Construction in the Czech Republic has gone greener thanks to the smart deployment of nanotechnology.
The progress was made by Prague-based AG CHEMI GROUP and the Swedish company Skanska, who have developed separate processes that allow for concrete and cement to be recycled for use in constructing new buildings. Both breakthroughs could have a significant impact on the environment and how buildings are made.
As the Czech news journal Zajimej reports, the Skanska discovery, “ … has the potential to cause a revolution in the construction industry on a global level. The material has similar properties as concrete, but instead of virgin aggregates, it uses building rubble thanks to a nano admixture.”
The patented nanoproduct will help solve two major problems facing construction companies; namely what to do with rubble on a building site and how to source dwindling construction raw materials.
The first issue is how to dispose of the huge volume of building waste created by the demolition of old buildings. While some is already used as a filler on building sites, a larger quantity has to be taken away and is typically dumped in landfill. At the same time, virgin materials, such as gravel, sand, and cement must be transported (at further expense) to the construction site.
The second challenge resolved is a simple shortage of raw materials for construction. As the report states, “Prague alone, for example, currently consumes 13 million tons of building materials per year and only 10% is recycled. At the same time, the resources of natural aggregates are declining. Within 9 years, only 107 of the 221 Czech quarries will have reserves, and the current average rate of consumption in the Czech Republic should be completely depleted as early as 2062.”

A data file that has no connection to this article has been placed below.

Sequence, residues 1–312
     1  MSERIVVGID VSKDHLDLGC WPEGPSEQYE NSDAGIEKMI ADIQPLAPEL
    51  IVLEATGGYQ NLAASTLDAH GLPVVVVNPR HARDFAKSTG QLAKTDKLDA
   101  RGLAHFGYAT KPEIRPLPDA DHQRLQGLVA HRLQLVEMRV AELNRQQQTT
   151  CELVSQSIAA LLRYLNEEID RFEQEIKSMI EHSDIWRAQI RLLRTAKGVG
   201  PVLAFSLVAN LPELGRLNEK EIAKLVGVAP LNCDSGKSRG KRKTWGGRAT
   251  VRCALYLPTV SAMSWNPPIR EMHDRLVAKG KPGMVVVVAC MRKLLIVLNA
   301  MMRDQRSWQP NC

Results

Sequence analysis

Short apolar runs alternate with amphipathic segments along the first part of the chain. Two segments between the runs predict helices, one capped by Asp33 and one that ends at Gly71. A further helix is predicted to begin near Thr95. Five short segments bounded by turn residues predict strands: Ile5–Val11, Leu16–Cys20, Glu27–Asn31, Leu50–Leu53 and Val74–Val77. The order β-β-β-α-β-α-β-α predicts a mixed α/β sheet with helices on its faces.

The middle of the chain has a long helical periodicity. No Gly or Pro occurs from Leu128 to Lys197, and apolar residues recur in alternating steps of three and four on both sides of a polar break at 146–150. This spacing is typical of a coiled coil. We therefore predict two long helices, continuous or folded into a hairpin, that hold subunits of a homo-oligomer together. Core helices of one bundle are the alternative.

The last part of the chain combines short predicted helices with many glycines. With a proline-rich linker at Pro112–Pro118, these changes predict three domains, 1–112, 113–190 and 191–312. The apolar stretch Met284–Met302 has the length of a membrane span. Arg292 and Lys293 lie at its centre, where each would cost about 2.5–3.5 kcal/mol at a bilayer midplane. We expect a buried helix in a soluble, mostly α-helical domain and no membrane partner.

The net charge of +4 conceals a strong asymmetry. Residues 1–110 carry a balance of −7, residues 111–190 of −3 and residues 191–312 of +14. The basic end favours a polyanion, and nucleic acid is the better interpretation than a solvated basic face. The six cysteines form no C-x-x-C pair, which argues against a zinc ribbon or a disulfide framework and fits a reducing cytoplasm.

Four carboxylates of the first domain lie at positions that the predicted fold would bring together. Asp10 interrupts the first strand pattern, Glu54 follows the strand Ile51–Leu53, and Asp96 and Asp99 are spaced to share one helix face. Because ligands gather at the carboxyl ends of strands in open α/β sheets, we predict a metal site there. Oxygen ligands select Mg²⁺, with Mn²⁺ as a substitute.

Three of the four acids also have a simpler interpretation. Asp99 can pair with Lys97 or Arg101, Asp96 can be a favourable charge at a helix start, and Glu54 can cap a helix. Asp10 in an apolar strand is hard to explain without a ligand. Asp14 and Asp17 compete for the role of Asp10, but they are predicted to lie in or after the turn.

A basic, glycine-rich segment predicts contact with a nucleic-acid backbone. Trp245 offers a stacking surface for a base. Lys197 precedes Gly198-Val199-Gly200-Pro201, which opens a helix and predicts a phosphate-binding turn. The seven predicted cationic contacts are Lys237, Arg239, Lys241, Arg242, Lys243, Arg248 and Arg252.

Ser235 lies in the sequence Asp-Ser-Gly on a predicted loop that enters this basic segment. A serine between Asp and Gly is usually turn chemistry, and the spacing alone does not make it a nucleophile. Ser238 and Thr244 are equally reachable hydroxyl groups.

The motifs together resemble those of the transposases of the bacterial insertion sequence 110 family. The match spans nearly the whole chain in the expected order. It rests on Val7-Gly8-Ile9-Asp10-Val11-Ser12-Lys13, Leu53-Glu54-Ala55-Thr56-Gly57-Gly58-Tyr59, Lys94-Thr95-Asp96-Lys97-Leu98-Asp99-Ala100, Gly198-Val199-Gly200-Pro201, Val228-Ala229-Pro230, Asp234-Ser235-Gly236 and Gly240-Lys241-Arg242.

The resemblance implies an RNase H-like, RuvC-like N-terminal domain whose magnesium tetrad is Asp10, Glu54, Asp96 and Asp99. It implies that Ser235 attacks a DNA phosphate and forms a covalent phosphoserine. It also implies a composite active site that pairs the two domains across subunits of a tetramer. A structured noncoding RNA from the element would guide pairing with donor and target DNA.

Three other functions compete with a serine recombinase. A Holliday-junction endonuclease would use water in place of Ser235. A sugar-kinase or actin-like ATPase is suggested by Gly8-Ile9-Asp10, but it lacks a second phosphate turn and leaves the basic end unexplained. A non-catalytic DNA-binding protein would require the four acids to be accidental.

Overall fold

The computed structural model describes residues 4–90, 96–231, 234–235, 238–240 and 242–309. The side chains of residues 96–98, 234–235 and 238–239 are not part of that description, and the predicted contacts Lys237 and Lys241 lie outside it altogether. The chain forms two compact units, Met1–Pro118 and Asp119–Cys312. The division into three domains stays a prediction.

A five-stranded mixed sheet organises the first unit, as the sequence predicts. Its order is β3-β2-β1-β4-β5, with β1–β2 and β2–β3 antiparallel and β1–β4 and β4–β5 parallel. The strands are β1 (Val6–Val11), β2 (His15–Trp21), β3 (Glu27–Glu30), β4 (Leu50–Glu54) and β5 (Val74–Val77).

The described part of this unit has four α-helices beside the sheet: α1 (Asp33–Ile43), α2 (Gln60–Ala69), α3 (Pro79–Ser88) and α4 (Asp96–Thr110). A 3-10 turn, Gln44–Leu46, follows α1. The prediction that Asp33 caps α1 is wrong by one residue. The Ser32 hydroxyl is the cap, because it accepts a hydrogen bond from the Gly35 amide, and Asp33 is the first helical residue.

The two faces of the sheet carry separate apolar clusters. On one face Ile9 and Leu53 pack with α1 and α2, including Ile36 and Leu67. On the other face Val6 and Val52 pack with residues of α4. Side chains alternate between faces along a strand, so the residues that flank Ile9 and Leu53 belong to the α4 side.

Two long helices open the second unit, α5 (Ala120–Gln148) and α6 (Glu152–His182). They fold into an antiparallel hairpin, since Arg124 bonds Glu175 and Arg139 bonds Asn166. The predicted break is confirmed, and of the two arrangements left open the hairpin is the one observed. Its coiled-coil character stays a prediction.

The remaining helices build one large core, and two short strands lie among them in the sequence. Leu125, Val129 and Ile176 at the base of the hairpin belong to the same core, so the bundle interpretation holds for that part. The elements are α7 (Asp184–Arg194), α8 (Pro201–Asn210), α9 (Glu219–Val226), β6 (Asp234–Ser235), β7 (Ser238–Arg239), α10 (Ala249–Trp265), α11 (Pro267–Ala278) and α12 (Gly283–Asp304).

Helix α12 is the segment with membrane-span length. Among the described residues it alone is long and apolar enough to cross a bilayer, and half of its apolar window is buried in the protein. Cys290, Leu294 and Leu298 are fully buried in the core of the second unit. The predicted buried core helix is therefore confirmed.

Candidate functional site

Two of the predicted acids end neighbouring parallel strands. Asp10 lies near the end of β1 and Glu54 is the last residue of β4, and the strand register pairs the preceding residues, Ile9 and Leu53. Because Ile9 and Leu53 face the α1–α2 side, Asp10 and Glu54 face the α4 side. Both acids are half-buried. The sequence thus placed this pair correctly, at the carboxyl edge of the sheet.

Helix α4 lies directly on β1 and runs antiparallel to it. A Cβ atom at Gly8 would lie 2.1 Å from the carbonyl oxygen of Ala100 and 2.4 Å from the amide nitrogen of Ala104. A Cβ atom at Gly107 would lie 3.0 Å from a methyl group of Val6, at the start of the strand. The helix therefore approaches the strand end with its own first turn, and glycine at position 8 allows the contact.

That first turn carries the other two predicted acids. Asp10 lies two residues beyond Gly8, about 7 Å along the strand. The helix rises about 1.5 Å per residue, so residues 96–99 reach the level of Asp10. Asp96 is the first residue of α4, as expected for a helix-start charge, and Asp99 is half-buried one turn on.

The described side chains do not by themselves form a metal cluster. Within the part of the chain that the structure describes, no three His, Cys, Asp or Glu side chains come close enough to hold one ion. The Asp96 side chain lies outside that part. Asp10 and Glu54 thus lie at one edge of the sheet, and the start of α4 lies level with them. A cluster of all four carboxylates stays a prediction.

The new nanoscale additive allows for waste from old buildings to be reused, and so reduces the need for fresh concrete production.
Additionally, the novel nano-process will also lower heating and air conditioning costs, as the recycled concrete product, called Rebetong, has a lower coefficient of thermal conductivity, which lowers a building’s energy consumption.
It is a discovery that is great for the environment and great for business. As Michal Jurka, President of Skanska Central Europe, noted in a recent press release, “… we are pleased that we have started to use material that can make it easier for the environment during the construction phase and during subsequent use.”
Elsewhere, AG CHEMI GROUP has also developed a nanotechnology process that not only reuses concrete rubble, but one that also boosts the building material’s properties, such as adding strength, abrasion resistance, and/or crack prevention.
As Lev Lyapeikov, the company’s product development manager explains, “Our portfolio of nanostructured materials includes solutions based on aqueous suspensions, designed to treat concrete mixtures to increase the strength of the concrete structure, including solutions with nanoparticles, which allow the use of construction site waste as a raw material for new building structures.”
The company is also working to develop a nanomaterial application that can “modify building materials in order to create a biocidal surface that could potentially kill coronavirus on contact.” This would be ideal for use in hospitals and care homes, could help reduce cleaning costs and lower the risk of infection.
While both of these products are very new to the market, it is hoped that their obvious benefits to ecology, lowering costs, and improving build quality will make them an obvious choice for construction companies.
Two amazing breakthroughs that not only show the potential of nanotechnology in the construction industry, but also help the environment and make better buildings.
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